UNIT RECONSTITUTION - A HISTORICAL PERSPECTIVE

UNIT RECONSTITUTION - A HISTORICAL PERSPECTIVE

by Edward Drea
     
 

in an ongoing CAORA study of the reconstitution of units. CAORA members ^
focused on several questions. These were: - --'
a) What criteria might a commander use to withdraw a unit from combat
operations; what criteria constitute grounds for the commander to recommend
a unit be withdrawn from combat?
b) Mow does the distribution of casualties within… See more details below

Overview

in an ongoing CAORA study of the reconstitution of units. CAORA members ^
focused on several questions. These were: - --'
a) What criteria might a commander use to withdraw a unit from combat
operations; what criteria constitute grounds for the commander to recommend
a unit be withdrawn from combat?
b) Mow does the distribution of casualties within a particular unit
affect unit reconstitution?
c) What is the logistical system's response to personnel or equipment
losses much above anticipated levels--the reaction -to "surge" casualties
when reconstituting units? CAORA also requested a comparative historical
background of unit reconstitution in the 20th century be included in CSI's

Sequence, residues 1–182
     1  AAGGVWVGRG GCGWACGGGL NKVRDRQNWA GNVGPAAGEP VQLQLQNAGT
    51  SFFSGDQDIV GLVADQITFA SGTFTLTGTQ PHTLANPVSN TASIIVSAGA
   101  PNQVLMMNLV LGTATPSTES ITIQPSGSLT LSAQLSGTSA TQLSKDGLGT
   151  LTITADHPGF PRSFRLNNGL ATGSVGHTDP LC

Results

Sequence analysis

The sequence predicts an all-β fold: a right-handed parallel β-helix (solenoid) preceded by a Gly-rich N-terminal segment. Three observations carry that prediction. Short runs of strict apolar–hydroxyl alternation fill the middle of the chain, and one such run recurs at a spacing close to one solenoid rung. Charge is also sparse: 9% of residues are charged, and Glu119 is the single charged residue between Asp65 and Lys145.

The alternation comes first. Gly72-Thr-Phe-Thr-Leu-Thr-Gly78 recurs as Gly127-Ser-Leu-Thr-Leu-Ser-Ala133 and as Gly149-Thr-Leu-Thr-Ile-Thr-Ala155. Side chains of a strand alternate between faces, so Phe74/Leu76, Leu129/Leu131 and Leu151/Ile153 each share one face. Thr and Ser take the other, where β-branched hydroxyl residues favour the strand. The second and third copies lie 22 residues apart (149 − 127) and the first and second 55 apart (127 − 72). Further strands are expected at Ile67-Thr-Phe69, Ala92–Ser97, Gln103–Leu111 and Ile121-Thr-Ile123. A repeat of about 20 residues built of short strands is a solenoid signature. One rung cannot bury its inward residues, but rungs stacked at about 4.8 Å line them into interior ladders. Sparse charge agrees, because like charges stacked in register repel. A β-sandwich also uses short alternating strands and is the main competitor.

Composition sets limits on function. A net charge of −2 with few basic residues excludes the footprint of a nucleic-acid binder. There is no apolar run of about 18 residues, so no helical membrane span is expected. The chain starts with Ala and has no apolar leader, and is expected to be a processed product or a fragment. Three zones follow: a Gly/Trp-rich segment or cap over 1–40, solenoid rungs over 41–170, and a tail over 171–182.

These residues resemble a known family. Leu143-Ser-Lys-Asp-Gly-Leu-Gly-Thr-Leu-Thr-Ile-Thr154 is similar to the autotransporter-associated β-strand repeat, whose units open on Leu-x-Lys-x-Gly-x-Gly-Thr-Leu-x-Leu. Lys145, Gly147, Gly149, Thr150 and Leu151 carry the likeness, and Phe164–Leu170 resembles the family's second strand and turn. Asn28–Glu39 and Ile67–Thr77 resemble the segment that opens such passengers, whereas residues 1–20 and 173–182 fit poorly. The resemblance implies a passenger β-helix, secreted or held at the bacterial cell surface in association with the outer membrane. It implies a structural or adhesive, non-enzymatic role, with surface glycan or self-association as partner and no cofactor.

final report.
Within these zuidelines, the following -methodology is employed. The
definitions-reconstitution, regeneration, sustaining- support 4 replacement,
reorganization, redistributed, resupply--are used in the context related in
Chapter 4, of CAORA's "Current Reconstitution Concept," and' are attached asappendix
1. This study proceeds from the general description of the unit
reconstitution system used in the two world wars to the particular
reconstitution of the 28th Infantry Division during and after the Schmidt,
Germany operation of November 1944. There is also a brief description of
Israeli Armv reconstitution procedures on the Sinai front in the 1973
Mid-Mast War, and the U.S. Army's experience in Vietnam.
The historical examples from World War I and World War II illustrate the
orocess of unit reconstitution and provide clues about general criteria
which may be useful in identifying units in need of reconstitution. A brief
overview of the British, French, German, and American schemes for unit
reconstitution in that those conflicts provides a comparative historical
basis. The French experience in World War I is most instructive because the
French high command regenerated an entire army after the 1917 military
mutinies. In -the World War II and Israeli examples, unit reconstitution for
armored forces receives attention.

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Product Details

ISBN-13:
2940148880196
Publisher:
ReadCycle
Publication date:
12/14/2013
Sold by:
Barnes & Noble
Format:
NOOK Book
File size:
7 MB

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